In 1979, Brown hung out a shingle for five years until he partnered with Franklin, Weinrib, Rudell & Vassallo, where he became, he says, one of the “scribners”—the group of lawyers who helped draft the language for such groundbreaking structures in theater as the royalty pool (a communal share of box-office receipts and profits for artists), the amortization clause (which enabled producers to more quickly recoup investments in the face of spiraling costs), and the complete overhaul of the Broadway road business. In the 1980s, Brown’s client, Miles Wilkin, then-president and founder of the Pace Theatrical Group, brought a higher quality to touring productions of Broadway shows; it had previously been a rather sketchy and patchwork enterprise that didn’t put Broadway in the best light for theater-goers in other states. The impact, says Brown, has been profound. In the 1980s, tourists accounted for 25 percent of the annual box-office receipts; they now represent more than 60 percent. “I think attention to quality engenders an excitement that lasts a lifetime,” he says.
Brown likes to keep his own attention to quality in the legal realm. Michael Bennett, director of A Chorus Line, once stunned him by asking his opinion of his follow-up show, Ballroom, then in development. “I said to him, ‘How could you possibly care what I think?’ And he got livid. ‘If I ask you, I expect you to have an opinion and give it me honestly.’” But Brown still is reticent to proffer advice for fear of stifling the creativity of his clients. “I get calls and my clients ask me, ‘Can I write this and this and this … ?’ and I always say, ‘Write whatever you want and then if you want me to study it for legal ramifications, I’ll be happy to advise you.’”
He adds: “I know that other lawyers, corporate lawyers, might look at what we do with mixed feelings of contempt, jealousy and amusement. What do you mean, ‘terms of barter?’ I know what we do may not be very important. But I take huge satisfaction from how the shows I work on entertain people. And if other lawyers look upon what we do with amusement, well then, it’s just another form of providing entertainment.”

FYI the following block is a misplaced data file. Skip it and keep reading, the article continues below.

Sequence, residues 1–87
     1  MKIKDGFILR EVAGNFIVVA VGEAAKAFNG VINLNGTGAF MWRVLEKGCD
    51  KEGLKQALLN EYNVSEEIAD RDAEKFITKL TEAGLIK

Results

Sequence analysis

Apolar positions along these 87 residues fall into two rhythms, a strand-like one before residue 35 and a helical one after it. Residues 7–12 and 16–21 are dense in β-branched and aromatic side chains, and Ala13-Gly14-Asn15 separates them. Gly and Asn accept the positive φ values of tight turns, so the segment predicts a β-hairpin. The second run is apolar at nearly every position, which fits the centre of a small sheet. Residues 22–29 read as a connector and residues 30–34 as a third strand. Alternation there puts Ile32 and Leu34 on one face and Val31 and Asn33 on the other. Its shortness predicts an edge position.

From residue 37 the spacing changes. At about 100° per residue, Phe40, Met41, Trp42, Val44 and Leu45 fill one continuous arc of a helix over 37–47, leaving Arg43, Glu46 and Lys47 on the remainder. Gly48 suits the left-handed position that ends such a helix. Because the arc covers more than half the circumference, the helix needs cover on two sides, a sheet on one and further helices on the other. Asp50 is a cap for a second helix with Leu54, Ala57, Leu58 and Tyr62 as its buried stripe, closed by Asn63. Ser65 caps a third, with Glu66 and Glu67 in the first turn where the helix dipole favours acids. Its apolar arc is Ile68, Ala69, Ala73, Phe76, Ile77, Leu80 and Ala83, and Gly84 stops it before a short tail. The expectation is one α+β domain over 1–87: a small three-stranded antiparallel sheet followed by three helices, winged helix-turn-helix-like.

Jean Ward: Small-Town Practitioner
In college, Jean Ward majored in theater, so she can empathize with all of those impractical, creative types. “It’s such a difficult, often discouraging, career choice that I’m happy to be in a position to offer counsel,” she says. “It’s like being the paid adult in the room. You’re not dealing with sober, boring bankers. You’re dealing with people who have some very wild ideas.”
After working in corporate law for a Boston firm (“I was suicidal”), Ward reconnected with fellow Harvard Law School alum Paul Woerner, who was representing West End and Broadway impresario Cameron Mackintosh (Cats, Les Misérables, The Phantom of the Opera). When Woerner died prematurely in the early ’90s, Ward found a home at Frankfurt Kurnit Klein & Selz. She now represents both international powerhouses, such as The Troika Organization, as well as not-for-profits, such as Galway’s Druid Theatre, New Jersey’s McCarter Theatre and Chicago’s Victory Gardens Theater.
“Theater lawyers are really small-town practitioners,” she says. “We do a little bit of everything: from financing to licensing to mini real estate deals to international copyright law. I think because we are such a small business and there are relatively few of us doing it, you become very involved in all aspects of your clients’ enterprises.”
On any given show, Ward and her colleagues work most closely with general managers who are the ersatz chief operating officers for any production. “They often have your back and you have theirs,” says Ward. She adds that once she hears who the GM is going to be, she can tell whether her job is going to be easy or hard. “They are the ones who carry the precedents in their heads, they know what everybody was paid on the last show and they do a lot of the negotiating and drafting,” she says. “Contracts don’t really vary tremendously. I review them and then often the next thing I hear from a general manager will be when a patron stumbles and falls or, in the case of Stomp, when a stick breaks and flies out into the audience.”
Though legal counsel for The Phantom of the Opera and the seemingly unstoppable off-Broadway phenomenon Stomp, Ward also loves working for not-for-profits with their ambitious creative goals. Because so many of them are “authors’ theaters,” she says, which commission work from veteran or emerging playwrights, “you often start off with a fresher and simpler slate.” The decisions reached at this initial stage, too, can have far-reaching repercussions.